Adherence to antiretroviral therapy is improved by antidepressant treatment in depressed HIV-positive patients, according to the results of a retrospective cohort study published in the 1st April edition of the Journal of Acquired Immune Deficiency Syndromes. The study also found that adherence was highest in patients who were also adherent to their antidepressant medication, leading the authors to call for greater attention to the diagnosis and treatment of depressive illness by healthcare workers.
Psychiatric disorders, including depression, are common in HIV-infected individuals. Overall, the lifetime prevalence of at least one psychiatric disorder is estimated to be 38% to 75%, compared with 33% for the general population. For depression, HIV-positive people have an estimated prevalence rate of 22% to 45%, compared with 15% for the general population.
Untreated depression has been associated with reduced adherence to antiretroviral medication. This can lead to the failure of antiretroviral therapy and the development of drug resistance, which can worsen prognosis and limit future treatment options.
To assess the effect of antidepressant treatment on adherence in depressed patients, investigators from Denver, Colorado analysed the medical records and pharmacy files of 1713 HIV-positive patients seen at an urban clinic between January 1997 and December 2001.
“A high prevalence rate of depression was observed among HIV-infected individuals, for whom antiretroviral therapy adherence improved after prescription of antidepressant therapy,” write the authors, “and reached even higher levels among individuals who were adherent to antidepressant therapy.”
Nine hundred and seventy-six (57%) of the patients were identified as being depressed and were included in the study. Of these, 450 (46%) were being treated with antidepressant drugs and 507 (52%) were receiving antiretroviral therapy, with 375 patients being on both antiretroviral and antidepressant medication.
The investigators estimated adherence to antiretroviral therapy by measuring the frequency of refills at the clinic pharmacy. Of those receiving antiretroviral therapy, the mean adherence rate was 72%, with 210 (26%) having optimal adherence rates of more than 95%.
Adherence was higher in patients who were taking antidepressant medication compared to those who were not (65 vs. 35%, p = 0.012).
In addition, the investigators found that patients who were adherent to their antidepressants were more adherent to their antiretroviral medication (69 vs. 31%, p = 0.001). For antidepressants, ‘adherence’ was defined as a rate equal to or greater than the median value.
Adherence to antiretrovirals improved in the six months following the prescription of antidepressant therapy (p < 0.001). This effect was observed in those who were adherent and those who were not adherent to their antidepressant medication. Adherence also increased across a similar timescale in patients who were not prescribed antidepressant medication (p < 0.001). However, the improvement in adherence to antiretrovirals was greater in the patients who were prescribed antidepressants, regardless of their level of adherence level (p < 0.005).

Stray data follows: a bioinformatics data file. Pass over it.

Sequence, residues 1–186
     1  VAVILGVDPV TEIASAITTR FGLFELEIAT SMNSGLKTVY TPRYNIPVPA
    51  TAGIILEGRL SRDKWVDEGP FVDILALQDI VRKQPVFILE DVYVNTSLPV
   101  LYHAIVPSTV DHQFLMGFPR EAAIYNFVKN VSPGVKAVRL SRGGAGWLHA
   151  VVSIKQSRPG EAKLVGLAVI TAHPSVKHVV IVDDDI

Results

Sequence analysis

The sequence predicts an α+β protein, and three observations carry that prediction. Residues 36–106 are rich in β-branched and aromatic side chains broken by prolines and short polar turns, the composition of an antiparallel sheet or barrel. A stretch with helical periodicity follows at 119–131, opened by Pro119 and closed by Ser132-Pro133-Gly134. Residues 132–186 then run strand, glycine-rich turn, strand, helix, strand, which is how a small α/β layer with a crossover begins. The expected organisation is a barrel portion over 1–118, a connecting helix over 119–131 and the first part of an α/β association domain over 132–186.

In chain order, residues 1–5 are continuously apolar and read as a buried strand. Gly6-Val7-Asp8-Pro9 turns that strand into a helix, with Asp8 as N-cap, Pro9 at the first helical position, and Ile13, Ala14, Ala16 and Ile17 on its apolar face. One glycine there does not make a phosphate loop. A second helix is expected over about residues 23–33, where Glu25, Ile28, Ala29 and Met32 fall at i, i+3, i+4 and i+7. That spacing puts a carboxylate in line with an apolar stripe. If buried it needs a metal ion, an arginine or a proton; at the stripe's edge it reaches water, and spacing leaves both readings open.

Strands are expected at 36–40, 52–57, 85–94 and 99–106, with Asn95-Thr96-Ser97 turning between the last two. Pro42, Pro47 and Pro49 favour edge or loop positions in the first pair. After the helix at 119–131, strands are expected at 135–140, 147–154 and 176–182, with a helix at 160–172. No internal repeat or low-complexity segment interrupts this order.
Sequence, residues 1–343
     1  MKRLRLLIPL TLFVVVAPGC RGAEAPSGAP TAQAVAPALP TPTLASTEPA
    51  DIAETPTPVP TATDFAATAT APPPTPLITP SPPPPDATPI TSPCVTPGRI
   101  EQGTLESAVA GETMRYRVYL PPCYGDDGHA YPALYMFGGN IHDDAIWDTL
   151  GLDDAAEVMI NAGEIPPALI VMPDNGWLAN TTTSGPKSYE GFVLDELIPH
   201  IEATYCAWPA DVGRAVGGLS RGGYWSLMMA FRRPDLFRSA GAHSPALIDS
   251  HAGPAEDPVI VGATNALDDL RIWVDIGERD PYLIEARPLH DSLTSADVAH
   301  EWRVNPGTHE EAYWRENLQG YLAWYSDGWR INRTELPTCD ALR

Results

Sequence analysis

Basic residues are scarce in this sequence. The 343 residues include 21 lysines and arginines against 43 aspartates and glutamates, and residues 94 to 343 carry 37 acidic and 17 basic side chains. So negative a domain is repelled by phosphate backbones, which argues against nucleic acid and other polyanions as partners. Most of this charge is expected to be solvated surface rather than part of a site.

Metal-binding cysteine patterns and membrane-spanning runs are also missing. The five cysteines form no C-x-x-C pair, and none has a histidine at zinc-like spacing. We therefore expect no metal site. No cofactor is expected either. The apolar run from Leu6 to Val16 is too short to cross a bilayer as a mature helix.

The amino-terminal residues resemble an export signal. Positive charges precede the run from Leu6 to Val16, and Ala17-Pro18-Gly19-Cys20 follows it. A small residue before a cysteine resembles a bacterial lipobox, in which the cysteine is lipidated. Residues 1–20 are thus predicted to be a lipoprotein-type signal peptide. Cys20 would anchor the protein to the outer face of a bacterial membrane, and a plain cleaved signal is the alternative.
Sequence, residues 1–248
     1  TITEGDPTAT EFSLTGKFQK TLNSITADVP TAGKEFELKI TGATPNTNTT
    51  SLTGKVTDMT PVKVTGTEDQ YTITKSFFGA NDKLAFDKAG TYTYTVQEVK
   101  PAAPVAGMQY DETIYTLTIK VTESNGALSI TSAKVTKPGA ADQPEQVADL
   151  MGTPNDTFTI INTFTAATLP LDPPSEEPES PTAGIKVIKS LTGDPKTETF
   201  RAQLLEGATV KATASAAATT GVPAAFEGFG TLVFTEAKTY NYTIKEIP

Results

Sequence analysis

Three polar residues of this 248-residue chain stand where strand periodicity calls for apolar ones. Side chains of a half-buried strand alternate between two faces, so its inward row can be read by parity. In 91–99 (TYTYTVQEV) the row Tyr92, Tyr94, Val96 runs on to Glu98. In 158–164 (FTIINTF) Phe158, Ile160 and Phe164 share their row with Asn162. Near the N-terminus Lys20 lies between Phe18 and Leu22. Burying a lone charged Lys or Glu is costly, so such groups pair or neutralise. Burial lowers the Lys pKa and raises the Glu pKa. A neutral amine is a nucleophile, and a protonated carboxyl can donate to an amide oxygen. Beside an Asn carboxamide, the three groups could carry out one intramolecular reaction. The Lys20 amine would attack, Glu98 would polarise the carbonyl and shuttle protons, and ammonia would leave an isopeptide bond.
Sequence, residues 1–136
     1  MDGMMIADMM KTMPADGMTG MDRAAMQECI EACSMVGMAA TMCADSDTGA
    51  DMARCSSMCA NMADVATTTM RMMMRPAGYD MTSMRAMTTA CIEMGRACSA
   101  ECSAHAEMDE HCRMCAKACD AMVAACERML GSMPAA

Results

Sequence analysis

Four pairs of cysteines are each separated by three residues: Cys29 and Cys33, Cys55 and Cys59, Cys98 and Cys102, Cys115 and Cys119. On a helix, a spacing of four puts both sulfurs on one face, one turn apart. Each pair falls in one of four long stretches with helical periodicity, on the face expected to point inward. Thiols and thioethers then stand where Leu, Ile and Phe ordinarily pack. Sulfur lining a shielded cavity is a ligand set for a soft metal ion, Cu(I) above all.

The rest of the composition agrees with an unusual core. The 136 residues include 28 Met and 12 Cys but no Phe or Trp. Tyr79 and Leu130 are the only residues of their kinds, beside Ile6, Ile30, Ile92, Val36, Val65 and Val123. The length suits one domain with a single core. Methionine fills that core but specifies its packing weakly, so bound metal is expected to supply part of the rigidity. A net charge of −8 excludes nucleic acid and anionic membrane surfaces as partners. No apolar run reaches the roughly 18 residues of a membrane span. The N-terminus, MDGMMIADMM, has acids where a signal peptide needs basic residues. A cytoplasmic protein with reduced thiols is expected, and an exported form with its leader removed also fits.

In a multivariate analysis, non-adherence to antiretroviral therapy was found to be associated with non-adherence to antidepressant drugs (p = 0.002) and alcohol use (p = 0.01), but not to age, gender, ethnicity, drug use or frequency of medical visits.
“Our analysis supports the importance of routine assessment of depression, prompt initiation of antidepressant therapy where indicated, and monitoring of antidepressant therapy adherence status,” state the investigators. “Mental health evaluation should be an integral health care component of all HIV-infected patients receiving medical care.”
The researchers did not have access to information on the patients’ depressive symptoms, so cannot conclude that improvement of sympoms was the cause of improved adherence. “Alternative hypotheses may explain the improved antiretroviral therapy adherence over time, such as increased interaction over time with providers (medical and psychiatric) who routinely encourage patients to adhere to all regimens,” they write.
“Those individuals adherent to antidepressant therapy were also more adherent to antiretroviral therapy. Although suggestive of a positive effect of antidepressant therapy toward improved antiretroviral therapy adherence, this might reflect an individual’s intrinsic adherence behaviour to any regimen.”
However, they acknowledge the limitations of their study’s retrospective design. “To corroborate these important findings, prospective studies are needed to assess the accuracy of diagnosis of depression, the correlation between adherence to antidepressant therapy and clinical improvement of depression, and the effect of the improved clinical depression on antiretroviral therapy adherence.”